Sassanian Coinage

    The Sassanid Persian Empire, also called the Second Persian Empire, the Sassanian Dynasty or Eranshahr (the Iranian Empire), was the last pre-Islamic empire in the Middle East. Lasting from AD 224 to 651, it was founded upon the defeat of the Parthians, and was itself defeated by the first Islamic empire. Its official religion was Zoroastrianism. The Sassanid Empire and the Roman Empire, caught between mutual respect and fear, were almost constantly at war for four hundred years.

    Sassanid kings were called Shahanshah (King of Kings). They ran a centralized government and an extensive army. They had an enormous trade network which over time dominated the region from east to west. Mints were generally controlled centrally by the state. They produced three main types of coinage: gold (uncommon), bronze/copper/lead, and silver (most common). The basic denomination was the drachm, usually silver. One hallmark of Sassanian coinage is its thinner flan, as opposed to the thick flans of the Greco-Roman world; thinner coinage subsequently became the common type. The obverse of a Sassanian coin usually shows the emperor in profile in great detail. The Sassanid king was the guardian of the sacred fire; thus fire imagery commonly appears on the coins’ reverse. The inscriptions on coinage are usually in Pahlavi, a Middle Iranian language written in an Aramaic script.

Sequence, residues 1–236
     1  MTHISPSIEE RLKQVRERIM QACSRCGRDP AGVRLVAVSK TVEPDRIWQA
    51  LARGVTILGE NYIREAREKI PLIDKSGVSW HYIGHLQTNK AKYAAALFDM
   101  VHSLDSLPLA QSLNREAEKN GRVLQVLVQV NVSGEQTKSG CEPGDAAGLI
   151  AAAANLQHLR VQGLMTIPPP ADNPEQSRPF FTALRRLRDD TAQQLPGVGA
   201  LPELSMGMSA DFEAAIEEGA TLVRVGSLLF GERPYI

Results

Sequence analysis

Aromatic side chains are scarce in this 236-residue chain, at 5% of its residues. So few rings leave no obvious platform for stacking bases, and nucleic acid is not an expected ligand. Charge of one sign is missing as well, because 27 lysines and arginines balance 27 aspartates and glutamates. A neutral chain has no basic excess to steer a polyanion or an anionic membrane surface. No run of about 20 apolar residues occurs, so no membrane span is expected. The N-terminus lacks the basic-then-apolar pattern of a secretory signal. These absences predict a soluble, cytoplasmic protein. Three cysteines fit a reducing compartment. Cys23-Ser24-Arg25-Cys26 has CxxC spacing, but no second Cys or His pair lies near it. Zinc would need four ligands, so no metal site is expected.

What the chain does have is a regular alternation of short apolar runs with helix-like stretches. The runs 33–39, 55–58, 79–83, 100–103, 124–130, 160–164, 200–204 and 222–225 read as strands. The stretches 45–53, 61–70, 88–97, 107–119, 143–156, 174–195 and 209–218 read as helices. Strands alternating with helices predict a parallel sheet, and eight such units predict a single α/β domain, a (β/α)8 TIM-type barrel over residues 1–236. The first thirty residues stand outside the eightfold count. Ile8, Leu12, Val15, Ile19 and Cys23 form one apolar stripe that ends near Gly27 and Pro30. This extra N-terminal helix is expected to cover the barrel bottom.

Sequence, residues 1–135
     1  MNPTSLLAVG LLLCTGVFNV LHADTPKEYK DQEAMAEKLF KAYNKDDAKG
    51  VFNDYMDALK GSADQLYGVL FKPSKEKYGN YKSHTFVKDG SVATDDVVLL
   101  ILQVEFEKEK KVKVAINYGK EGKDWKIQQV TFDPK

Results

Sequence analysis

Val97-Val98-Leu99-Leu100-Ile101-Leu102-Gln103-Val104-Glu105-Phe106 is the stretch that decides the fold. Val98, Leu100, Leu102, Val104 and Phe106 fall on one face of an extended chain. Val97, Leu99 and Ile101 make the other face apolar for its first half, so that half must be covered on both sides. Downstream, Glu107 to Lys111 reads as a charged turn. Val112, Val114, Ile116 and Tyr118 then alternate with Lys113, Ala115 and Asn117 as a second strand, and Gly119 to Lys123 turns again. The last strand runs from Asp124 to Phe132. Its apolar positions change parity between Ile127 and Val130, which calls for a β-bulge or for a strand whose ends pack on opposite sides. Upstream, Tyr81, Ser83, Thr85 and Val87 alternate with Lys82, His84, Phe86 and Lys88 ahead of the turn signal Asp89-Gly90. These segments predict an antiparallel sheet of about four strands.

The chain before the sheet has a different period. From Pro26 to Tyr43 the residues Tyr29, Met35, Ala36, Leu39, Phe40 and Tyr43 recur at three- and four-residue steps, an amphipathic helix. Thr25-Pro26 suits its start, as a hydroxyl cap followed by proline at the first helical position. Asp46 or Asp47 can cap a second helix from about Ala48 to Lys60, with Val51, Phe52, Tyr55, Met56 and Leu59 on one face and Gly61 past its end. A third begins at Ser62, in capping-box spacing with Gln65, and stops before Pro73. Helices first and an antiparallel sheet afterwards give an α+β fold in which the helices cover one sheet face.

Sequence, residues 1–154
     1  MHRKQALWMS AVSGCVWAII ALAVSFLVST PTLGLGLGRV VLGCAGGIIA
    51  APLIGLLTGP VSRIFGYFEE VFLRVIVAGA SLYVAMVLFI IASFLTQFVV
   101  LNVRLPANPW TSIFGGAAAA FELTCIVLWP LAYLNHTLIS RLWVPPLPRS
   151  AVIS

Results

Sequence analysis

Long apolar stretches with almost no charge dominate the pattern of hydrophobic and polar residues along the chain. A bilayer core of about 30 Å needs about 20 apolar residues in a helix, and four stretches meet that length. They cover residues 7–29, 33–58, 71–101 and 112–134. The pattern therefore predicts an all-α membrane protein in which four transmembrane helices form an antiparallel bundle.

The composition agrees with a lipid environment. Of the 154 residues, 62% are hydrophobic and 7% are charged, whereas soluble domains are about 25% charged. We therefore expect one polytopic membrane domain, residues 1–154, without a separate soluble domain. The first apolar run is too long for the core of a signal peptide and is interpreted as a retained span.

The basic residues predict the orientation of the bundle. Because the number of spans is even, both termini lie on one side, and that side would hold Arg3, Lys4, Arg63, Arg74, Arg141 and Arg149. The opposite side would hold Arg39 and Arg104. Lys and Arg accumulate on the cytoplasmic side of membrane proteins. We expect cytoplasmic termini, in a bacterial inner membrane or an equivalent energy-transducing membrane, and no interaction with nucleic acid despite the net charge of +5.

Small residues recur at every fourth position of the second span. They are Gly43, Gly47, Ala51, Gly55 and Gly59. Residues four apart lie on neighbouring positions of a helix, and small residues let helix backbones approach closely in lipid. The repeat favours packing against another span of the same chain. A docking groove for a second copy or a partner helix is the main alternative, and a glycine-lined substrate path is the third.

Sassanian coinage has been found from Sweden to China, and it even continued to circulate after the Empire’s fall.

    Shapur I